Authorities shut down shops violating VAT laws in Abu Dhabi

Authorities shut down shops violating VAT laws in Abu Dhabi

Abu Dhabi - 164 fines have been issued to businesses violating VAT.

By Jasmine Al Kuttab

Published: Tue 27 Feb 2018, 5:03 PM

Last updated: Tue 27 Feb 2018, 8:01 PM

A total of 164 fines have been given to businesses and shopkeepers violating the VAT law by unlawfully over-charging consumers. The Minister of Economy warned they are now closely observing all businesses across the country, issuing more fines and closing-down more shops.
During the Federal National Council (FNC) session held on Tuesday in the UAE Capital and chaired by the FNC Speaker, Dr Amal Abdullah Al Qubaisi, members questioned Sultan bin Saeed Al Mansoori, the Minister of Economy, about the Ministry's role in insuring consumers' rights are protected and businesses are not using the VAT as an "excuse" to take advantage of the consumer's pocket. 
"What is the Ministry doing to insure merchants are not putting abnormal prices on products, since the VAT was implemented?" Asked FNC member, Ahmed Al Nuaimi.
"This issue has been the talk of the hour this year, since the UAE is one of the first countries to apply the VAT in the GCC," replied the Minister.
The Minister of Economy pointed out that 164 fines have so far been issued to businesses violating VAT.
He also added that the Ministry has received 1918 complaints from consumers, although he did not stipulate the reasons for the majority of the complaints.
"We have conducted more than 13,000 visits to businesses and shops across the country, we are studying and reviewing, as well as comparing prices and monitoring any contradictions and violations."
Al Mansoori pointed out that there are more than 400 shops that are providing the Ministry with weekly price lists of products.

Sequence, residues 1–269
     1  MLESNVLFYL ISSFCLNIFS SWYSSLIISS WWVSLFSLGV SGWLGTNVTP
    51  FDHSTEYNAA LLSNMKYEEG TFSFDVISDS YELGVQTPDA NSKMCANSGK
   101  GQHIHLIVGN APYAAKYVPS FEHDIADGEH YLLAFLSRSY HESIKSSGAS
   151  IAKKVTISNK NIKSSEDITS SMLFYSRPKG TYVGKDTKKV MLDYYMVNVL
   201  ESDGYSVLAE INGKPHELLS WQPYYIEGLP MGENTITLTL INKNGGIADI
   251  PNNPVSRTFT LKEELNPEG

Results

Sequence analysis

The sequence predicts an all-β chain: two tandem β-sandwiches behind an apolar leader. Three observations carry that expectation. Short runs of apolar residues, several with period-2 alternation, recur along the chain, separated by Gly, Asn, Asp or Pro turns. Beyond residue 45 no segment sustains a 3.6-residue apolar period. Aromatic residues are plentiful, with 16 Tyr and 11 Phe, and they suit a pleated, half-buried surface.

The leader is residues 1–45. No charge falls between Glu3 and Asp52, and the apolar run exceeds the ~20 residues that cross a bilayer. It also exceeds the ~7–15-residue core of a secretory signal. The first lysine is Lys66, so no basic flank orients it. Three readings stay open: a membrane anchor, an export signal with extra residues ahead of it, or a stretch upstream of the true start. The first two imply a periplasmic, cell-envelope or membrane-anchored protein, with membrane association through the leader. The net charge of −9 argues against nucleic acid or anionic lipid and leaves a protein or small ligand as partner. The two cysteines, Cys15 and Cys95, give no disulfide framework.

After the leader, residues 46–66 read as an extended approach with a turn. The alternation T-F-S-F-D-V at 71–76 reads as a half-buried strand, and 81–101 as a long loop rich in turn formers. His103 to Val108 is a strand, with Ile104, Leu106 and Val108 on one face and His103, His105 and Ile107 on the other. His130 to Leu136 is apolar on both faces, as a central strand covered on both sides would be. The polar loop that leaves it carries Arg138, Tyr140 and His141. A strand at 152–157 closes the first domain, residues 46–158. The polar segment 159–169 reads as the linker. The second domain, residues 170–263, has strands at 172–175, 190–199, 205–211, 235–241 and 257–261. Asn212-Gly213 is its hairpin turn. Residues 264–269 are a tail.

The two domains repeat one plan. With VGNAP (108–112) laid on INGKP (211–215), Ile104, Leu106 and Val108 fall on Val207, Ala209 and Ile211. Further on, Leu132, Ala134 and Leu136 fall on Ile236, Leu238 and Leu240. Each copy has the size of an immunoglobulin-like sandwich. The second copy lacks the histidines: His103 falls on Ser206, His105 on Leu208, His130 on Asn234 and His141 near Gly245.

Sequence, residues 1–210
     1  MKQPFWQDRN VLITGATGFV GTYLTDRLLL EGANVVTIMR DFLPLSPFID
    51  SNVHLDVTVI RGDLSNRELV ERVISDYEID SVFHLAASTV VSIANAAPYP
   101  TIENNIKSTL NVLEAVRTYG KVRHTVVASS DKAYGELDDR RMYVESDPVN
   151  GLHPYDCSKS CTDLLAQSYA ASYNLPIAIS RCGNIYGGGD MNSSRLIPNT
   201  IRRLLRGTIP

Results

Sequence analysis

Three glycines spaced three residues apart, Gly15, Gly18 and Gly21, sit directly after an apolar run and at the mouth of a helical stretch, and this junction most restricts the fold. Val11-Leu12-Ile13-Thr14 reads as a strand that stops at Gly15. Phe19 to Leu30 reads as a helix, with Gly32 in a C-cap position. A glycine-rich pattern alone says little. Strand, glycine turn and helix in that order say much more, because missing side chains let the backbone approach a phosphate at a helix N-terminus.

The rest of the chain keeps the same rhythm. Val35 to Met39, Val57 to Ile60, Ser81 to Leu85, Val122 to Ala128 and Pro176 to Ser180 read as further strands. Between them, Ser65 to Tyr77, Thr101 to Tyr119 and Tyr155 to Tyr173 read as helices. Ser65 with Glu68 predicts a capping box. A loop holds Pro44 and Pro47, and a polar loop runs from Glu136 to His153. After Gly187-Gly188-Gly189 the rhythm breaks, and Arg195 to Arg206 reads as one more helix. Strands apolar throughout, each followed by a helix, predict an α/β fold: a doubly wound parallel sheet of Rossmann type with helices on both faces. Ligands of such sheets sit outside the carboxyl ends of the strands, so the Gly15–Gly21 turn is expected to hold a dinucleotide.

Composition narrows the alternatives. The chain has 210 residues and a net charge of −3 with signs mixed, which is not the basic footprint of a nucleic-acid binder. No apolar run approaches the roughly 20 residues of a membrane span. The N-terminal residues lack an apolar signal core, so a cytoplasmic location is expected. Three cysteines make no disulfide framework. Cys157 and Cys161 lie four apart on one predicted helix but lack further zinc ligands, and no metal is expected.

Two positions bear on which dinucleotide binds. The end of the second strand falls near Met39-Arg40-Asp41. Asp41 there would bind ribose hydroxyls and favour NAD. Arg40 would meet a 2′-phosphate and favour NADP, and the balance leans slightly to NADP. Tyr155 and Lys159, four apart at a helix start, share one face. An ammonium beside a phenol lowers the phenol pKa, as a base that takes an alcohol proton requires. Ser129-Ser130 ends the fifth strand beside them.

"The Ministry has made 13,370 visits to shops across the UAE to insure businesses are not violating the VAT. We have also issued 164 violations and conducted 241 campaigns."
"We have a system in place that follows the product prices and services."
He said any changes in prices are reviewed carefully and authorities will come-up with recommendations that strengthen the exchange of information between agencies.
The Minister also stressed that shops violating the VAT have also been closed, although he did not disclose the figure.
Al Mansoori added that there were also "incorrect" reports published, stating that by the end of 2017, the prices of some commodities had increased by a whopping 42 per cent before the VAT was implemented.
Al Nuaimi replied: "If these reports stating that prices have gone out of control are in fact incorrect as you said, then the Ministry should have responded and denied these reports - especially since the society is only talking about VAT this year."
Al Nuaimi said that coordination for consumer protection should have been conducted before implementing the VAT, in order to overcome any manipulations made by the merchants. 
He argued that it is the role of the Ministry to insure the market prices are controlled.
"If the markets are actually monitored, then why are we waiting for complaints from consumers?"
"There should be a close observation over the markets and the Ministry shouldn't wait for the complaints from the consumers," added Al Nuaimi.
The FNC member thus called on the Ministry to abort any unlawful increases in prices set by businesses and to insure that consumers' rights are protected.
"The Ministry is working to solve all these problems, and although we are currently seeing certain challenges, we are solving thousands of cases and we have presented clear figures and evidence," said the Minister.
Also during Tuesday's session, the FNC passed a draft law on arbitration, which aims to ease the process of resolving commercial disputes, and helping reduce the number of cases before they are taken to court.

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